When In Bruges

by Elizabeth Venere

When a group of twelve castle students set off for Bruges, Belgium on their first week of travel break, many of them were nervous about how the weekend would progress. Would they make their train transfers? Would the hostel be nice (or at least clean)? Would they learn to find their way around the city? I was a part of this group, along with many other students that chose this quaint, medieval city as their first destination. While I felt I had prepared as best as I could for my first independent excursion, there was one question nagging me on the early morning train ride: what am I going to do this weekend?I had spent so much time finishing assignments before the trip and making travel arrangements that I never looked to see what Bruges offered to visitors until a few days before. Even then, I couldn’t find much about the city. At that point I was resigned to the fact that I would just play it by ear once I had arrived.

However, by eight o’clock that night we had a list of what we wanted to see and do before our train back to Well, thanks to the free “In Bruges” tour offered by our hostel. Kai Angelet, an American transplant living in Bruges and our tour guide for the evening, told us everything (really, everything) we did while in Bruges.

Kai’s self-described movie inspired (he pointed out several landmarks where scenes from the 2008 film In Bruges) and “politically incorrect” tour was exactly as he had advertised it in the five minutes before we began our walk around the city: rude and unconventional, but full of useful information about the sights and anything free. When he wasn’t insulting the group or making us say Dutch curses we didn’t understand as he took a group photo, he was telling us about the church ruins underneath the Crowne Plaza Hotel, which anyone can visit if they ask the front desk to point them in the right direction. He also told us about Michelangelo’s Madonna and Child, his only sculpture to leave Italy during his lifetime that would only cost us one euro to see in person. In addition to this, he overwhelmed us with advice on cheap but excellent food and snacks in the city. Instead of purchasing the must-have Belgian chocolate from one of the many boutiques lining the narrow streets, Kai told us to go to the supermarket, which offers typical but tasty chocolate for a fraction of the price. He also gave us several discount cards for dinner off Market Square, the main gathering space for the city. Several of us dined on a giant pot of mussels and fries for only 15 euro on our last night, which may not have been possible without the card, since it typically costs 18 euro just for the order of mussels.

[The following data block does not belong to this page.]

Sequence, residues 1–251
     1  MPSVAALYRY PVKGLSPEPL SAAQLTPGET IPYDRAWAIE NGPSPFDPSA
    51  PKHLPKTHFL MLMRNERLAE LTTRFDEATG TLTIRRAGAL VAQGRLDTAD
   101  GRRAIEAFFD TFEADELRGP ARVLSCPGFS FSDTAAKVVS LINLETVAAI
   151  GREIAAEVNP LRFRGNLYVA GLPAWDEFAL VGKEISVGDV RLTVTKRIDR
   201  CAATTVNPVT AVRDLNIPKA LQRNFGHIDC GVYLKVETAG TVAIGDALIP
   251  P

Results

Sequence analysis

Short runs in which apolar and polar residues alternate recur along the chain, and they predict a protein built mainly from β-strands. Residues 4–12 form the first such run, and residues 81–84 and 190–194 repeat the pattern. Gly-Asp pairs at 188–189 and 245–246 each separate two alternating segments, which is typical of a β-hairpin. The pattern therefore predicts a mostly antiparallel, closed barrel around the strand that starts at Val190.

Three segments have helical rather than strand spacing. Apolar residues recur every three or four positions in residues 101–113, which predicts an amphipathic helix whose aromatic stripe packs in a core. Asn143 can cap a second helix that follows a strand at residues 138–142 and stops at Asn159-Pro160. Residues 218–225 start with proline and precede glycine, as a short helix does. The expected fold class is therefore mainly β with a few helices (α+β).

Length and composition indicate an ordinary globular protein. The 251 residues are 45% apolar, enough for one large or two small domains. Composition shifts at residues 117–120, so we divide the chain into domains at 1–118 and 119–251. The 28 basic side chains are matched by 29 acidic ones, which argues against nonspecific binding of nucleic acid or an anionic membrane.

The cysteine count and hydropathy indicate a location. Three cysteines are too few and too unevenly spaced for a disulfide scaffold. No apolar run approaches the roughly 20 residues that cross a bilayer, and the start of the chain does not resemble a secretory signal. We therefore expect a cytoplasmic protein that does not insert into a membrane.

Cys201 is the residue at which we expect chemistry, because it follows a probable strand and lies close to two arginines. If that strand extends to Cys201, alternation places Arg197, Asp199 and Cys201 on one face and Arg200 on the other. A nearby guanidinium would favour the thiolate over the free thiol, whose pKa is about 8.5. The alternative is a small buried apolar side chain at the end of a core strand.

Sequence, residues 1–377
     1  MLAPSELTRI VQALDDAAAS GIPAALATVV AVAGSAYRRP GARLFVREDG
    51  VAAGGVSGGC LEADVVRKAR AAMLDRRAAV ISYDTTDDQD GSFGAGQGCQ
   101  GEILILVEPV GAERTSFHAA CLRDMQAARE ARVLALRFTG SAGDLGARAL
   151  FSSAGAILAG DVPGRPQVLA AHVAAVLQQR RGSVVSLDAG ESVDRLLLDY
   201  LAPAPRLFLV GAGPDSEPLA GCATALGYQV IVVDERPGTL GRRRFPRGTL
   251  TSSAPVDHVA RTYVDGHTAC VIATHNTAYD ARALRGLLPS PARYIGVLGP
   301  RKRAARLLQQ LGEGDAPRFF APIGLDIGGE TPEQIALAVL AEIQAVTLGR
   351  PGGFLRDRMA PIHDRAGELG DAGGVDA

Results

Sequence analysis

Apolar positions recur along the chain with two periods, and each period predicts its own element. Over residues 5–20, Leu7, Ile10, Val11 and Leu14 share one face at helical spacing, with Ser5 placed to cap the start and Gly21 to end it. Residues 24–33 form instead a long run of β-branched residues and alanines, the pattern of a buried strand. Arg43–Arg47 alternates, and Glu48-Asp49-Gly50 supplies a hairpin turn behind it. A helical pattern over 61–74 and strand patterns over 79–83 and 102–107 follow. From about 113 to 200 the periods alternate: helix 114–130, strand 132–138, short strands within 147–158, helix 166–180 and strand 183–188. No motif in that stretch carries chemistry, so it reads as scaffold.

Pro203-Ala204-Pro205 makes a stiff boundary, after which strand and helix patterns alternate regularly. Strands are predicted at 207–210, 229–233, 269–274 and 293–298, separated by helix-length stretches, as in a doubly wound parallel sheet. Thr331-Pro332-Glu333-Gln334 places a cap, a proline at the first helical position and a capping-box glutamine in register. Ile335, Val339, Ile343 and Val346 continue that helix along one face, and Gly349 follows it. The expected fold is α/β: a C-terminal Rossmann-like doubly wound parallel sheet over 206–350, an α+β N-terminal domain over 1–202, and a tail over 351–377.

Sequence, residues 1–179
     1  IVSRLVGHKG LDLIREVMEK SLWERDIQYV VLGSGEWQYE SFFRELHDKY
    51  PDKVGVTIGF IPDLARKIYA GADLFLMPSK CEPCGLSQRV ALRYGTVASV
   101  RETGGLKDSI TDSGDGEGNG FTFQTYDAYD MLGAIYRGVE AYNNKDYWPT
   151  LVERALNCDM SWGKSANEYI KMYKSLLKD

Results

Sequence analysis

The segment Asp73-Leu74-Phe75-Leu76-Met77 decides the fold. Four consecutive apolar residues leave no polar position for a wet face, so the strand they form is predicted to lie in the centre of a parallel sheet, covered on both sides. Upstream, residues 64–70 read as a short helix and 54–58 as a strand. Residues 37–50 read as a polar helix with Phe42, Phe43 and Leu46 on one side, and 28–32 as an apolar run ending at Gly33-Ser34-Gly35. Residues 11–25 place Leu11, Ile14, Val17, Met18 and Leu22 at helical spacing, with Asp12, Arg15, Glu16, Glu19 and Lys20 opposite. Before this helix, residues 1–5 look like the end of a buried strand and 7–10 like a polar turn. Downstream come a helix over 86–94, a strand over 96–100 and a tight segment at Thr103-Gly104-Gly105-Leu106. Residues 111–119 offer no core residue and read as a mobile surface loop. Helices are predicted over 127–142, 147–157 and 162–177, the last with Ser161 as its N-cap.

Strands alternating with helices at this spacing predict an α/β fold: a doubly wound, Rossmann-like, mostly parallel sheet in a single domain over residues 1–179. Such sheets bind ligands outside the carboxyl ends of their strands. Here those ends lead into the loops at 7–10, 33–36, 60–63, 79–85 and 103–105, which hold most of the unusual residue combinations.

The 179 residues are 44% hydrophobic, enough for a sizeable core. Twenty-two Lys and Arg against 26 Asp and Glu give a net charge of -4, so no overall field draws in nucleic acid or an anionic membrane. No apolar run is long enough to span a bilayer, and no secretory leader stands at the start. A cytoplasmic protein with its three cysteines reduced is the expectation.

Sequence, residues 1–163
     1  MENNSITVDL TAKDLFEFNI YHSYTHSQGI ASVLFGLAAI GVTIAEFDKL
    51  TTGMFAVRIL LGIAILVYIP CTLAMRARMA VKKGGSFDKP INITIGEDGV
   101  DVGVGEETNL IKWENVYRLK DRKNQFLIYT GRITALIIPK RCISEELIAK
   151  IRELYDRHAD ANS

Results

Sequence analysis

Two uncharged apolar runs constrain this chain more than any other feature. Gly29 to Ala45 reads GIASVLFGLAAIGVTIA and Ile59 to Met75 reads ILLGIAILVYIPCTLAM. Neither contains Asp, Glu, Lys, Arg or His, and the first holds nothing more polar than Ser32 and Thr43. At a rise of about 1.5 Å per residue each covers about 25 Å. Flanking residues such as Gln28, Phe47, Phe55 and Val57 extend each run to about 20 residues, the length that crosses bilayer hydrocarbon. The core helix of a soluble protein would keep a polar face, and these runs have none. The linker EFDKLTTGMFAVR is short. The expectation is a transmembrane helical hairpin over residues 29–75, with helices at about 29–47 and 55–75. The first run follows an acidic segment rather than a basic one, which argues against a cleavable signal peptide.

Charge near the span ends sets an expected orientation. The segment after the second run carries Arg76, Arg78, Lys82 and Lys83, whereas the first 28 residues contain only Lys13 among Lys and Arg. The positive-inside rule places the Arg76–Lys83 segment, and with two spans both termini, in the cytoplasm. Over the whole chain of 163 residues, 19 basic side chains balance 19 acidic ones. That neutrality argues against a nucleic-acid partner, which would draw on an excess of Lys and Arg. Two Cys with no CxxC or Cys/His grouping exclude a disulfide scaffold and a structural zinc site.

In this case, it probably was good that I didn’t have every minute of my weekend scheduled out. When traveling, you’ll never know from whom or where you’ll get the best advice. Sometimes it’s best to simply absorb your new surrounding and take what is presented to you; it may lead somewhere unexpected. So, the moral of this story: never pass up a free tour.

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